The Children’s Museum of Indianapolis announced Friday that it will challenge the city’s designation of the Drake apartment building as a historic property, which—if successful—could allow it to tear down the Meridian Street structure to make room for future expansion.
The museum issued a statement saying that it has not been successful in its efforts to find a developer to renovate and operate the 94-year-old building and that it has done all it can to help the city find a reuse, to no avail.
The museum was not specific about how it planned to challenge the designation or whether it planned to file a lawsuit against the city.
“Given the current impact of the pandemic on the museum and its recent budget and staff reductions, the museum cannot afford additional short-term or long-term revenue losses, as the Drake has no direct or immediate mission-related nor revenue-related opportunities for the museum if it remains designated as historic,” the museum said.
The museum bought the eight-story building at 3060 N. Meridian St., just north of the museum’s existing complex, in 2012 for $1.25 million. At the time, the building was occupied and was not designated a historic property.
Tenants moved out in 2016 as the building’s condition continued to deteriorate.
Then in July 2019, the Children’s Museum announced it planned to raze the building, along with the former Salvation Army headquarters building nearby, to make way for new exhibits and parking.
Those plans were thwarted that September, when the Indianapolis Historic Preservation Commission approved measures to add the Drake building to the Marion County Register of Historic Places and create a historic area plan for the site.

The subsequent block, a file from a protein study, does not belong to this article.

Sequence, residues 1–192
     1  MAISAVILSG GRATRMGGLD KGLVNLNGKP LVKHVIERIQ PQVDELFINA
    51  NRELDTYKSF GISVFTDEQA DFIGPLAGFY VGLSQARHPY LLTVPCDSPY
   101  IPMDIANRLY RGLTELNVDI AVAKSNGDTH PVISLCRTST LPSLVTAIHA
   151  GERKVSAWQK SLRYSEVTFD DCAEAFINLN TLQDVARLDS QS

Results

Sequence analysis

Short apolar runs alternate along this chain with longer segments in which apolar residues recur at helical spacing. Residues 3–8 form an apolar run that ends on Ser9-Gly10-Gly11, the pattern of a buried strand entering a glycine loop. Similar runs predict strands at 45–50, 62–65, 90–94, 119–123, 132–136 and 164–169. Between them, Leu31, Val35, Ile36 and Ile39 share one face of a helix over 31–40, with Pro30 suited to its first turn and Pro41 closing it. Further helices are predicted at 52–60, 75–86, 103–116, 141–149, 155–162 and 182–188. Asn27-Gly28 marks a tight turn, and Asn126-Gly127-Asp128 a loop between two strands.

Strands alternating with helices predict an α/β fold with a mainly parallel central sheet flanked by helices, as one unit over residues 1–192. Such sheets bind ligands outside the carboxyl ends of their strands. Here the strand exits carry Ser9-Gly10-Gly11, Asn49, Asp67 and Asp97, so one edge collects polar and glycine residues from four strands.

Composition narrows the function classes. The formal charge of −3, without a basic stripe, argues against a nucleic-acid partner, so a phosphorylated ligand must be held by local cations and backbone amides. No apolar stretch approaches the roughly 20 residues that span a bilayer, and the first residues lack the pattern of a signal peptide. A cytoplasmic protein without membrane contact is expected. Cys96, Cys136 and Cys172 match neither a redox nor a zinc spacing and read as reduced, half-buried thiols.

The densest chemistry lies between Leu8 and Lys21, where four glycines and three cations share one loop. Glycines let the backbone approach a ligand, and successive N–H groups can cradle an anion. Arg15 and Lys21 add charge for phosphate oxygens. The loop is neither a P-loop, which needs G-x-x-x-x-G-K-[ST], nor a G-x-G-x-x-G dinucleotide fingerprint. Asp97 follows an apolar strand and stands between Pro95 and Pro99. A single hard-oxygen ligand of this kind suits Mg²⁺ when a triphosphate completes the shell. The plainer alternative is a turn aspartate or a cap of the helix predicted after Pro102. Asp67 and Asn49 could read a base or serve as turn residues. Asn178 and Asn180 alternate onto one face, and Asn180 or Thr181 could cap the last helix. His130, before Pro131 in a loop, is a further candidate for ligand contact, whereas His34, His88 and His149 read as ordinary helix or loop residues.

The museum said in its statement Friday that the commission acted without “proper notice to and participation from” the museum.
At the time, however, Bill Browne, president of the IHPC, said that officials from the commission and the Department of Metropolitan Development had met with museum leaders in August, shortly after the museum announced its decision to demolish the Drake. But in the weeks after the meeting, he said, museum officials were unresponsive to efforts by the city and IHPC to ascertain whether the museum is willing to budge on its plans.
The Indianapolis Metropolitan Development Commission approved the designation later in 2019.
The museum said the designation “will inhibit the museum’s ability to use this property to continue to grow its campus and expand its services to the community.”
In a statement, the museum touted its past efforts to expand its campus, adding the Riley Children’s Health Sports Legends Experience and Winona Green Space in the last few years, moves it says has helped it maintain its status as a top children’s museum that is among the 25 most-visited museums in North America.
“Imposing a historic area preservation plan for the Drake without a concomitant budget and plan for renovation would commit the museum to ongoing costs of hundreds of thousands of dollars every year, with no benefit to the museum’s mission, our efforts to serve the community, or our visitors,” the statement said.